Grand Junction has been pushing hard to secure the public land agency’s new home, which local leaders think could bring more than $30 million in annual economic impact
Colorado Gov. Jared Polis says the Bureau of Land Management is more likely to relocate its headquarters to Denver than Grand Junction, even though his administration is more supportive of the federal agency moving to the Western Slope.
Either way, the Democrat said he’s “cautiously optimistic” Colorado will win the bidding war with other Western states and land hundreds of new jobs.
“Denver is the most likely site even though we are more supportive of Grand Junction from an economic development perspective,” Polis said at a luncheon event with business leaders Wednesday in Denver. “They seem to be favoring a metro area, just because we don’t have enough flights out of Grand Junction. We are pushing Grand Junction, we are pushing both.”
Grand Junction is working hard to land the headquarters for the agency that oversees public lands as the Trump administration considers relocating it from Washington, D.C. Local leaders see it as a potential transformative, economic boon for the region. The city has been aware, however, that its lack of a direct flight to the nation’s capital could be a potential sticking point.
BLM has a large office in Lakewood and dozens of regional offices across the state responsible for managing 8.3 million acres of public land and more than 27 million acres of mineral rights, mostly in western Colorado.
Economic development officials in Grand Junction think the agency’s relocation could bring them more than 300 jobs and an estimated annual economic impact of more than $30 million, according to a study by the Grand Junction Economic Partnership. The city even created a “Welcome Home BLM” website touting its low cost of living relative to Denver and Salt Lake City to try and secure the headquarters.
“Well, that’s disappointing,” Robin Brown, who leads the economic partnership, said in response to Polis’ remarks. “I would just respond by saying that we stand by Grand Junction as the best location because every single thing within the BLM’s mission happens in Mesa County and not Denver.”
Brown said that in her conversations with BLM officials they’ve said that affordability is a higher priority than a direct flight to Washington.
Grand Junction has also offered to put up the money for a daily flight to Washington as an incentive for the relocation and in November approved a doubling of the city’s lodging tax to support more air routes.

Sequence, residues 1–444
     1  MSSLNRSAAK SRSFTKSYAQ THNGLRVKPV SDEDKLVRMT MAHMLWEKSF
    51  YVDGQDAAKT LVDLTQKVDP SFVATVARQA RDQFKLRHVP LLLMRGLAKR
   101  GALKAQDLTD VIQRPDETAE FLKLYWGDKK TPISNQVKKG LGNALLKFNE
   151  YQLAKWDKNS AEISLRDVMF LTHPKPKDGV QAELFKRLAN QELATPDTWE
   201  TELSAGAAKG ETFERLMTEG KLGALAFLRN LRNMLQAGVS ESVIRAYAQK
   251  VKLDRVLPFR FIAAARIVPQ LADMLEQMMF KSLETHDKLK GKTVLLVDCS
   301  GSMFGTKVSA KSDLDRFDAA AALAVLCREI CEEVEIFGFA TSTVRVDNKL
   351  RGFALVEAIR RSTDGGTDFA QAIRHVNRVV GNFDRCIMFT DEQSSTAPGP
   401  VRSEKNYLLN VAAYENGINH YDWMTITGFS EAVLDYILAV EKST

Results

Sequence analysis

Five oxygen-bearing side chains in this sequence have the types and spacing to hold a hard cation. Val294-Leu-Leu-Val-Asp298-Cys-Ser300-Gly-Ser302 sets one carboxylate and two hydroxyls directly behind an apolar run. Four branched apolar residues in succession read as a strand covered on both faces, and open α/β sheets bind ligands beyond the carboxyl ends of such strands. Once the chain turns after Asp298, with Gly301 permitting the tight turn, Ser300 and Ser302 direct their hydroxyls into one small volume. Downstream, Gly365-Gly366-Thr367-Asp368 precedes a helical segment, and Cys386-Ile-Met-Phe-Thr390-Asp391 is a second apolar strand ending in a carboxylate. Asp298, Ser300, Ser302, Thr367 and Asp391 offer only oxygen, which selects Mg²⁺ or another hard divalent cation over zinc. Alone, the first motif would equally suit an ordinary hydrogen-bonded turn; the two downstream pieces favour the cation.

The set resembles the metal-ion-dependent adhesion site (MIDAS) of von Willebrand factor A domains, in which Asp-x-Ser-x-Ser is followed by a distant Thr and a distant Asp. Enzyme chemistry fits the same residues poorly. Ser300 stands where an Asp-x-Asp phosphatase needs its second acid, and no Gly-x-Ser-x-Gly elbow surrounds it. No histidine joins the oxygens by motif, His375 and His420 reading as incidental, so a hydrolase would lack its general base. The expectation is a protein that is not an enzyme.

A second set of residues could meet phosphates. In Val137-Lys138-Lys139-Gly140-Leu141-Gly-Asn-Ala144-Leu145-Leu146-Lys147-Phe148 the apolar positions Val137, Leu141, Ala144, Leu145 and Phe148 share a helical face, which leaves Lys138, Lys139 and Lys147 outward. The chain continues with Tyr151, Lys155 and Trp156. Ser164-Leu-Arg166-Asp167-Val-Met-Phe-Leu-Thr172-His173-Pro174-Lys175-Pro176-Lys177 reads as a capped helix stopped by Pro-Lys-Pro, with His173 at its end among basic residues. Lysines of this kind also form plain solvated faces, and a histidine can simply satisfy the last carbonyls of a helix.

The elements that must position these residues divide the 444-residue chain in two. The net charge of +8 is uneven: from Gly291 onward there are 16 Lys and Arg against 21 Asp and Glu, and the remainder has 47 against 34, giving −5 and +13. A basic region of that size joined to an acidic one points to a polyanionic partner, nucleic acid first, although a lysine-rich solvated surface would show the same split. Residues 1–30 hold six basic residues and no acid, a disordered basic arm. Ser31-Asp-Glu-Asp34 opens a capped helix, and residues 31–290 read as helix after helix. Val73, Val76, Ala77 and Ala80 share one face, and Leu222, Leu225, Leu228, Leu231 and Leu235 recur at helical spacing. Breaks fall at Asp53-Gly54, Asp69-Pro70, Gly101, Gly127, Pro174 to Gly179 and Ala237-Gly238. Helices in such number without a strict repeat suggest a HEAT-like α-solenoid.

“Lucky for Grand Junction, it’s not up to the governor where the BLM decides to go,” she added.
Polis said there is potential for 2,000 to 3,000 initial jobs and more in the future but it’s unknown how he arrived at his estimate.
Colorado’s Republican U.S. Sen. Cory Gardner has been one of the chief cheerleaders for relocating BLM to Grand Junction, an idea that’s been around for years. He told The Colorado Sun last year that the city has “the space, they’ve got the buildings, they’ve got the quality of life.”
On Thursday, he told The Colorado Sun in a statement that he will continue to push the BLM to relocate to Colorado, but didn’t comment on Polis’ remarks.
Also potentially working in the city’s favor: Interior Department Secretary David Bernhardt, whose department oversees the BLM, is a native of Rifle. Bernhardt has publicly endorsed moving the BLM’s headquarters west.
“I expect by this summer we’ll be sending up a reprogramming request regarding a potential move of some of the folks in the Bureau of Land Management and potentially the U.S. Geological Survey,” Bernhardt told a U.S. House committee last month, according to E&E News.
Officials from the BLM referred questions from The Sun about the governor’s remarks to the Interior Department. The Interior Department said only that in its 2020 budget there is funding proposed to be dedicated for a move west, but did not provide any further details on its potential plans.
But Denver also has been on the short list for the relocation and the plentiful number flights from Denver International Airport might make it more attractive to an agency whose leaders would presumably need to travel often.
The BLM oversees some 388,000 square miles of public lands. All but a sliver of that is in 12 Western states. The U.S. Interior Department has said that it plans to pick a Western U.S. city to relocate the BLM by October. Other places on the top of the list include Salt Lake City and Boise, Idaho.
“I think the main competition (is) probably Utah,” Polis said. “But I think we are favored (over) there.”
Some environmental advocacy groups have come out in opposition to relocating the BLM.
U.S. Rep. Diana DeGette, D-Denver, also has expressed concerns about the idea, saying it could drive resources away from the agency’s critical mission and make it less able to influence policy in the nation’s capital.
The U.S. Geological Survey, another Interior Department agency with an existing Colorado presence, is also considering a headquarters relocation to the Denver area.